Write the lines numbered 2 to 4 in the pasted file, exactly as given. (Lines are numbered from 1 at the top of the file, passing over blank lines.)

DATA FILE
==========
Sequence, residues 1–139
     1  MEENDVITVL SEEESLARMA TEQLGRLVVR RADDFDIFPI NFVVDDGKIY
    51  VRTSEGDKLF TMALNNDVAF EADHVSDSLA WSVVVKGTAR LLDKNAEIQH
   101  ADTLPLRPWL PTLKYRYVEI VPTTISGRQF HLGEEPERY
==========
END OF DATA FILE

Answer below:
     1  MEENDVITVL SEEESLARMA TEQLGRLVVR RADDFDIFPI NFVVDDGKIY
    51  VRTSEGDKLF TMALNNDVAF EADHVSDSLA WSVVVKGTAR LLDKNAEIQH
   101  ADTLPLRPWL PTLKYRYVEI VPTTISGRQF HLGEEPERY